5 See: West, Yenching University, 247-48.

6 The best work that provides a context and overview is Marchand, Priest Among Pygmies. Biogra- phies of Schmidt: Ernest Brandewie, Wilhelm Schmidt and the Origin of the Idea of God, Lanham


1983; Ernest Brandewie, When Giants Walked the Earth: The Life and Times of Wilhelm Schmidt, SVD, Fribourg 1990.

7 The group loosely included the work of Bernhard Ankermann, Fritz Graebner, who inherited ideas from Friedrich Ratzel and Leo Froebenius.

8 Marchand, Priest Among Pygmies, 287.

9 Andrew Lang argued for the existence of monotheism „even within primitive“ societies, rebutting the prevailing assumption in the anthropological literature that monotheism was a more advanced form of religious belief, and primitive societies evolved from polytheistic societies into monotheistic ones. See: Andrew Lang, The Making of Religion, London 1898.

10 Marchand, Priest Among Pygmies, 297.

11 Ibid., 308.

12 Ibid., 307.

13 Marchand also vividly portrays Schmidt’s tyrannical and dictatorial nature when it came to academic disputes, as he prevented dissenting opinions from gaining position in the various anthropological institutes that he headed. See: Ibid., 309.

14 Ibid., 311.

15 Wilhelm Schmidt, Die Grundgedanken der katholischen Universität für die Länder deutscher Zunge. II, in: Schönere Zukunft 52 (1934), 1374.

16 Ibid.

17 The best book in English on Ma Xiangbo is Ruth Hayhoe/Yungling Lu, ed. Ma Xiangbo and the Mind of Modern China, 1840–1939, Armonk 1996.

18 The religious faith of Chen Yuan has been subject to a large amount of speculation and debate within the scholarly literature, due to his later renunciation of his previous religious faith. The general scho- larly consensus is that he was baptized Protestant by John Leighton Stuart in 1919. See: Liu Xian, On Chen Yuan’s Study of Religions, dissertation, Chinese University of Hong Kong, 2005.

19 For a fuller account of the various decisions and arguments that stymied the development of the Uni- versity, see: John Shujie Chen, The Rise and Fall of Fu Ren University, Beijing: Catholic Higher Edu- cation in China, New York 2004.

20 Chen Yuan became a close friend of both Ma Xiangbo and Ying Lianzhi in the early years of the Republic, when they joined forces in resisting Yuan Shikai’s attempts to make Confucianism into a state religion. For the battle over Confucianism and attempts to make it a state religion, see: Hsi-yuan Chen, Confucianism Encounters Religion: The Formation of Religious Discourse and the Confucian movement in Modern China, dissertation, Harvard University, 1999.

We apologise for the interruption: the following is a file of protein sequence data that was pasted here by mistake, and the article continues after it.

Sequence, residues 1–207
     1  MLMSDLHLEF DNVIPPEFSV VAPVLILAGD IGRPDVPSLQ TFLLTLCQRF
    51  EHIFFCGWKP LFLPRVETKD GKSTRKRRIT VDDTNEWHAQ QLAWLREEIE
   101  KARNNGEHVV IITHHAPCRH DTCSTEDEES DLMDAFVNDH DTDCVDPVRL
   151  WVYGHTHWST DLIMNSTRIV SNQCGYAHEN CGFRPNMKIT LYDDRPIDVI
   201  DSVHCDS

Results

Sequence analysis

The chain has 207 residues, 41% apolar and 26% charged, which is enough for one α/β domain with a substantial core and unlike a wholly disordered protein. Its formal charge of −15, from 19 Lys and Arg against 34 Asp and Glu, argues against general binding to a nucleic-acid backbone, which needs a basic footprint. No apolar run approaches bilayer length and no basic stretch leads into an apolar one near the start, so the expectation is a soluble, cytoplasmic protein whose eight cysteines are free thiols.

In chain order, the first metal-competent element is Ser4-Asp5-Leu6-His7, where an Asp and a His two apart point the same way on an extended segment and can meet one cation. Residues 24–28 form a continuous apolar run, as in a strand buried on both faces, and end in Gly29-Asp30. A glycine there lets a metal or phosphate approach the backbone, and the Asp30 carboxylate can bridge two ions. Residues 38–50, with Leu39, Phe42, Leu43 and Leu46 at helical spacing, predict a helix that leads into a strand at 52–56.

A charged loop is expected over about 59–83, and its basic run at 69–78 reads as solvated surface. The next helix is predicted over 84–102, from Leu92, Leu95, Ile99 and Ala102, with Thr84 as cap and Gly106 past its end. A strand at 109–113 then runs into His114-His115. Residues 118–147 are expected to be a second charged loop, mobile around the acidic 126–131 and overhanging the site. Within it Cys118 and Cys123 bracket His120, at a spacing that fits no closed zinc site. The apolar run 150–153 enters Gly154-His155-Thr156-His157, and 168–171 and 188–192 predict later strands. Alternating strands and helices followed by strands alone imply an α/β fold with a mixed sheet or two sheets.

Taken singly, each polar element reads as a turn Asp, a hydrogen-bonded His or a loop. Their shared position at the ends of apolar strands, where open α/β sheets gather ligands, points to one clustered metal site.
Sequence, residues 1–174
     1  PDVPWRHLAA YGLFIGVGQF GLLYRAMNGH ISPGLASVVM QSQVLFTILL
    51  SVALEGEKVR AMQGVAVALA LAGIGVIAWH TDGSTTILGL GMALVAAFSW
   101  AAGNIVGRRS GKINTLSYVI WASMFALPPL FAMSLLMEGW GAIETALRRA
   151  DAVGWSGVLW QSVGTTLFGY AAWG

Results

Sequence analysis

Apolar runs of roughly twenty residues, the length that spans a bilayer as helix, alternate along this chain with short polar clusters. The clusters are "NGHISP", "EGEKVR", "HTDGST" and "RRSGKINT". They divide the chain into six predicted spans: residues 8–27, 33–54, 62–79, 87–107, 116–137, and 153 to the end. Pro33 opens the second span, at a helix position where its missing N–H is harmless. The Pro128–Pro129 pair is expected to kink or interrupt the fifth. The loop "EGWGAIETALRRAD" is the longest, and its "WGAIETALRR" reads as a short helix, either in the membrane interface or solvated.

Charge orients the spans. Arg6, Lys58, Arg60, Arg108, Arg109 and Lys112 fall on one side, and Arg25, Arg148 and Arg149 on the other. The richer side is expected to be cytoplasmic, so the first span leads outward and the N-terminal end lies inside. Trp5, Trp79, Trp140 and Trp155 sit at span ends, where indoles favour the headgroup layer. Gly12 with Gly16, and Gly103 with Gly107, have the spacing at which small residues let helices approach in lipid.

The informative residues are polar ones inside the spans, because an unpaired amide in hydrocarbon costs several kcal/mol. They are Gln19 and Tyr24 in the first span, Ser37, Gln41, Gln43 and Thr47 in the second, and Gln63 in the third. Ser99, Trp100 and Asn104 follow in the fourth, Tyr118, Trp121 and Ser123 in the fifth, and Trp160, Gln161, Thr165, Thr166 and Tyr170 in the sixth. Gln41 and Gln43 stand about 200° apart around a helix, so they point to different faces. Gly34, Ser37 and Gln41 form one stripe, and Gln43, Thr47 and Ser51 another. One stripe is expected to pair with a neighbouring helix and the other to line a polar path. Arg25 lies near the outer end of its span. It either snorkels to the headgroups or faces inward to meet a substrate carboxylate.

21 Chen, Rise and Fall of Fu Ren, 113. By 1947, the university would have more then 2300 students, and would be the second largest university in Beijing after Beijing University.

22 AG 641/ 1934–1935, 7217: Letter from Joseph Murphy to Joseph Grendel, May 18, 1934.

23 AG 641/1934–1935: Letter from Joseph Murphy to Grendel, February 15, 1935.

24 AG 641/1934–1935: Letter from Joseph Murphy to Grendel, March 17, 1935.

25 Ibid.

26 AG 641/1934–1935: Letter from Joseph Grendel to Joseph Murphy, April 8, 1935.

27 AG 641/1933–1934, 7021: Kurze Zusammenstellung der Verhandlungen betr. die Uebernahme der Kath. Universität in Peking durch die SVD.

28 The Rites Controversy has an extensive and long bibliography, for some of the best overviews, see:

George Minamiki, The Chinese Rites Controversy: From its Beginning to Modern Times, Chicago 1985; David E. Mungello, The Chinese Rites controversy: Its history and Meaning, Nettetal 1994;

David E. Mungello, Curious Land: Jesuit Accommodation and the Origins of Sinology, Honolulu 1989.

29 AG 641/1934–1935: Letter from Joseph Murphy to Josef Grendel, March 17, 1935.

30 Ibid.

31 AG 641/1935–1937, 7377: Wilhelm Schmidt, Denkschrift zur Ausgestaltung der Katholischen Fu- Yen-Universität in Peking.

32 Ibid.

33 Ibid.

34 Ibid., 7378.


35 Ibid., 7378-7379.

36 Ibid., 7377.

37 Ibid., 7385.

38 Ibid., 7381.

39 AG 641/1934–1935: Letter from Josef Grendel to Wilhelm Schmidt, January 2, 1935.

40 AG 641/1934–1935: Letter from Josef Grendel to Wilhelm Schmidt, January 2, 1935.

41 AG 641/1934–1935: Joseph Murphy to Joseph Grendel, July 28, 1934.

42 AG 641/1938–1939, 7731: Letter from Grendel to Rudolf Rahmann, July 11, 1938.

43 Ibid.

44 Ibid.

45 AG 641/1935–1937: Wilhelm Schmidt, Bemerkungen zu dem Vorlesungsverzeichnis.

46 Schmidt, Denkschrift, 7402-7403.

47 Schmidt, Denkschrift, 7403.

48 AG 641/1934–1935: Letter from Joseph Goertz to Grendel, September 23, 1934.